Russia Pipeline Chief Says Let’s Talk to OPEC About Output


Russian officials have decided they should talk to Saudi Arabia and other OPEC countries about output cuts to bolster oil prices, the head of Russia’s pipeline monopoly said on Wednesday, remarks that spurred a sharp rise in prices.

Oil futures surged 5 percent after the comments by Nikolai Tokarev, head of oil pipeline monopoly Transneft, which gave the first hint of possible cooperation between the top non-OPEC oil producer and the cartel to try to reverse a record glut.

Brent crude rose $1.61 to $33.40 a barrel by 12:20 p.m. EST (1720 GMT), after a session low of $30.83. It was also boosted by U.S. demand following a blizzard.

But there was still a long journey from starting discussions to actual cuts by Russian oil producers, with many of them saying reducing output was technically very difficult and could lead to Russia losing market share to its competitors.

Tokarev said a meeting of oil executives and government officials in Moscow on Tuesday had reached the conclusion that talks with OPEC were needed to shore up the oil price.

“At the meeting there was discussion in particular about the oil price and what steps we should take collectively to change the situation for the better, including negotiations within the framework of OPEC as a whole, and bilaterally,” RIA news agency quoted Tokarev as saying.

“The main initiative is being shown by, of course, our Saudi partners. They are the main negotiators. That means that they are the ones we need to discuss this with first of all,” he was quoted as saying.

He said output cuts would be on the agenda for talks with OPEC countries. “Yes, that is one of the levers or mechanisms that would allow us to in some way balance the oil price,” Tokarev said.

An energy ministry representative confirmed to Reuters that possible coordination with OPEC had been discussed at the meeting, which the ministry hosted.

If discussions with OPEC begin in earnest, that would be a major reversal in Russia’s stance.

Russia has been pumping oil at full throttle, as has Saudi Arabia. OPEC, which collectively accounts for a third of global output, failed to agree any cuts at a meeting last month, with the Saudis apparently determined to maintain their market share and drive out high-cost producers in the United States.

Iran, previously kept from international markets by sanctions lifted this month, is also planning to increase its production rapidly into a world that produces 1.5 million barrels per day more than it consumes and has been running out of capacity to store it cheaply.

Oil prices have fallen from around $115 in the middle of 2014, causing problems for Russia’s cash-strapped budget and pushing the Russian economy into recession.

Some members of the Organization of the Petroleum Exporting Countries want coordinated output cuts to push up the price, and they have been pressing Russia to play its part.

Yet oil production in Russia reached a new post-Soviet high in December of 10.80 million barrels per day, as a weak rouble helped Russian oil firms to offset falls in the price of crude. That puts it on par with Saudi Arabia, OPEC’s biggest producer, which also pumps more than 10 million bpd.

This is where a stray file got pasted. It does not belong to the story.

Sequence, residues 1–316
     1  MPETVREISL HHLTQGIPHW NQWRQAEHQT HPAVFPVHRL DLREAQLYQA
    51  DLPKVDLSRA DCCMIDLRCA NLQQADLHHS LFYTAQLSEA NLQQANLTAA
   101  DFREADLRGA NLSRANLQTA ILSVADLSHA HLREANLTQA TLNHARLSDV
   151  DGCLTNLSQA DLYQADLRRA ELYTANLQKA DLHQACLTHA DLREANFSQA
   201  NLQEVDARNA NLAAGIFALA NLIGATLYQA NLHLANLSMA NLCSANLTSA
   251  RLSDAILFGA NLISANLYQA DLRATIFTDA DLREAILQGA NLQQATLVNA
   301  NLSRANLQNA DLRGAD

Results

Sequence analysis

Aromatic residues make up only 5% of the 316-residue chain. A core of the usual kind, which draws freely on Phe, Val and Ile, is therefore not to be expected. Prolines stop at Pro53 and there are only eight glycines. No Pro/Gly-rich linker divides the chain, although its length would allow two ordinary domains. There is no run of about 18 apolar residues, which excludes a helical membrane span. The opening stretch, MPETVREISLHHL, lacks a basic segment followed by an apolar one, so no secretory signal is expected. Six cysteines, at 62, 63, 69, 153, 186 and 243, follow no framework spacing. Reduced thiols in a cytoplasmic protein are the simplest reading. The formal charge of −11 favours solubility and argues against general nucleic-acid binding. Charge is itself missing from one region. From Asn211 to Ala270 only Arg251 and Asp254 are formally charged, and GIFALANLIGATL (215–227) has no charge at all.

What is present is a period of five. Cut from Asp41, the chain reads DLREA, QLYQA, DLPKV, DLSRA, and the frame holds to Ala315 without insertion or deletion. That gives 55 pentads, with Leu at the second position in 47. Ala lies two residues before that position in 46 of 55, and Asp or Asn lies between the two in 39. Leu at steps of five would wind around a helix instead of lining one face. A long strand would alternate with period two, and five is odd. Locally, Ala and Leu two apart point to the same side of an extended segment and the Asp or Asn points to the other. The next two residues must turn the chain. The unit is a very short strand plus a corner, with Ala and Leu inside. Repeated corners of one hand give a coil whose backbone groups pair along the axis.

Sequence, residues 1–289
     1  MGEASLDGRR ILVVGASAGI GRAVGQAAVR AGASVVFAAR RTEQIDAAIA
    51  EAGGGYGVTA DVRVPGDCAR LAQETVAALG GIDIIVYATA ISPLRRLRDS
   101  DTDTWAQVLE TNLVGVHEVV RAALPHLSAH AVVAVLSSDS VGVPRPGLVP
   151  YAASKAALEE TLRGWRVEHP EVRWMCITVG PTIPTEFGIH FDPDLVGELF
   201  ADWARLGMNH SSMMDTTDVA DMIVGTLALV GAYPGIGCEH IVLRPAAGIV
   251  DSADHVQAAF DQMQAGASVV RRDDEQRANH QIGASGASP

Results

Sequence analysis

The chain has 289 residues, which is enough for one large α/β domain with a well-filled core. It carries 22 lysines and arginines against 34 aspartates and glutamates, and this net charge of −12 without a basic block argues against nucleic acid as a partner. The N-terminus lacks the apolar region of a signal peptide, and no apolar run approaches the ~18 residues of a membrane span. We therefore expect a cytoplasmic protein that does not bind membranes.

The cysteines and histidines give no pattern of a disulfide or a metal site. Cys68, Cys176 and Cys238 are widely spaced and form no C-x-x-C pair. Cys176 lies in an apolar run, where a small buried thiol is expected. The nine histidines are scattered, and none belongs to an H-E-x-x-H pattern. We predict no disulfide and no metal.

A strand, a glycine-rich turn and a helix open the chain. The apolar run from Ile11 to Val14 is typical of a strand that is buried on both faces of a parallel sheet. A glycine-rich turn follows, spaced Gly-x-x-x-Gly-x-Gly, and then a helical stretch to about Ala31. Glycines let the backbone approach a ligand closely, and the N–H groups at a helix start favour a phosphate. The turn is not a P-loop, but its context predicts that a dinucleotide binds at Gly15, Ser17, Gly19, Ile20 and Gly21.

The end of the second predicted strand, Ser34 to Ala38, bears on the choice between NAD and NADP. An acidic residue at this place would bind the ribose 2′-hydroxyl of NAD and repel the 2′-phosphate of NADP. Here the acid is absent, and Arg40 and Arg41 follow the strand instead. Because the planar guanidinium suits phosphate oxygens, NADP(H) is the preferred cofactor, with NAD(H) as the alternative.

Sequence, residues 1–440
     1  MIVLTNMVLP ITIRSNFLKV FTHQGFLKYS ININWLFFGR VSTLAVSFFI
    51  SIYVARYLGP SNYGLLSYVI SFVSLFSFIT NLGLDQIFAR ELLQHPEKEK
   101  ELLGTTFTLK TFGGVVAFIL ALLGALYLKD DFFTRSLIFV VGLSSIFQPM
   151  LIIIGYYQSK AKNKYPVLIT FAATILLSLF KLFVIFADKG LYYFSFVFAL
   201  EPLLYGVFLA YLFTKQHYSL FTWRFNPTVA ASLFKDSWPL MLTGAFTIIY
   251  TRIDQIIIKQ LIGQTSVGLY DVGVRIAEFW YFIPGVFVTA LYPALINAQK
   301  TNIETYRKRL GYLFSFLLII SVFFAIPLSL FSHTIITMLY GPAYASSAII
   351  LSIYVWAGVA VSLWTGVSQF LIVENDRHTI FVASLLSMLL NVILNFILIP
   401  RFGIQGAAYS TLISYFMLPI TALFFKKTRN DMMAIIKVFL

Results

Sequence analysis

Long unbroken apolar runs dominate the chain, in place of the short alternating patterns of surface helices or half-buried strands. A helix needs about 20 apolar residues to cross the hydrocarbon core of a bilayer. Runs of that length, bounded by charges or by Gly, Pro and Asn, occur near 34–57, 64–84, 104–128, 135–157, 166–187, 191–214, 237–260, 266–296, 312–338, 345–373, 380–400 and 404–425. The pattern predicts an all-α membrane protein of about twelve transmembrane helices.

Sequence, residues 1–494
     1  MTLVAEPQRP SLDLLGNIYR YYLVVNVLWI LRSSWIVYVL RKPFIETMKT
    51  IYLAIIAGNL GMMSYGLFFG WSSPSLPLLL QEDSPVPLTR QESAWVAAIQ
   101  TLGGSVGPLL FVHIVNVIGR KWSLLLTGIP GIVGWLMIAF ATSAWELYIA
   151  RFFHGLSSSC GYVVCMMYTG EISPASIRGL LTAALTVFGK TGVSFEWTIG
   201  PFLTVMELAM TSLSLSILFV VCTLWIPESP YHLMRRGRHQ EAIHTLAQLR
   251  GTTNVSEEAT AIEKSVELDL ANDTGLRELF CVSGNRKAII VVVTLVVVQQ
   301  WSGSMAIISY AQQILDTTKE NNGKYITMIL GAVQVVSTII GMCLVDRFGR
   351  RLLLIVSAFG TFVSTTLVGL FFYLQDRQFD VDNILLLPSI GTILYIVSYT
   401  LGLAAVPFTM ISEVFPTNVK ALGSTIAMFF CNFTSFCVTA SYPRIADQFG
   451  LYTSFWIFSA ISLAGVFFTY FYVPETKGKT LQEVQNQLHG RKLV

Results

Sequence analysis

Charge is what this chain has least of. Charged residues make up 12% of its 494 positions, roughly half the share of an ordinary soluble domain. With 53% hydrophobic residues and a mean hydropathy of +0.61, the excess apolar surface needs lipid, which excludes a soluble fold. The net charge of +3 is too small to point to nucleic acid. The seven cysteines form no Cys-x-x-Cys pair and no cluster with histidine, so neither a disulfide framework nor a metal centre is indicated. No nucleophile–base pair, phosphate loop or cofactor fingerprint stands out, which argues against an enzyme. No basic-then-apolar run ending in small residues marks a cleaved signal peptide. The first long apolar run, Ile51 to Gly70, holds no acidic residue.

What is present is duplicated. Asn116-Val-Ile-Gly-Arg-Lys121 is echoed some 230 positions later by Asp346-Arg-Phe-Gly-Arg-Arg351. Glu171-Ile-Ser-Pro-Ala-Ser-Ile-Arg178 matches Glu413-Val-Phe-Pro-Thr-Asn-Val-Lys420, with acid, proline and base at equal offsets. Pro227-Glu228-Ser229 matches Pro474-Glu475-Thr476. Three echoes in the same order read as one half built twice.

Considerable obstacles to cutting production remain. Speaking to Reuters before the meeting at the energy ministry took place, two senior officials said no groundwork had been laid for cooperating with OPEC on output.

“There are not any measures on possibly cutting production being discussed now,” said one of the officials, who spoke on condition of anonymity.

Another official, who spoke on condition of anonymity because of the sensitivity of the matter, echoed that. “It is impossible to coordinate the process and stop production in Russia,” the second source said.

A manager at a top-four Russian energy firm said coordinated cuts would not be welcomed by an industry that was fighting the possibility of declining production because of a rising tax burden and ageing fields.

“Russia has too much risk of seeing a natural decline anyway, without any agreed special steps,” the manager said, playing down the possibility of agreed action.

Another oil company source said: “We’ve heard nothing of any specific actions.”

Helima Croft, Global Head of Commodity Strategy at RBC Capital Markets sounded a sceptical note.

“Ultimately, if we want to see cuts, we have to see this driven by (President Vladimir) Putin. Or even (Rosneft boss) Igor Sechen, who is close to the inner circle. But, he’s been publicly emphatic that there will be no cuts.”

“Last year, the Saudis kept saying publicly and privately that they had asked the Russians to cut production in the run up to the November meeting. They decided they had no way to balance this on their own because Russia would just take their market share,” Croft said.

The Russian Energy Ministry declined to comment, as did Rosneft, Russia’s top oil producer. Gazprom Neft and Surgutneftegaz did not reply to Reuters requests for comment.

A spokeswoman for Deputy Prime Minister Arkady Dvorkovich, in charge of the energy sector, declined to comment.

Russia holds regular discussions with various countries, including oil-producing ones, on the situation on oil markets but there are no plans as of now for coordinated actions, the Kremlin’s spokesman said on Wednesday. 









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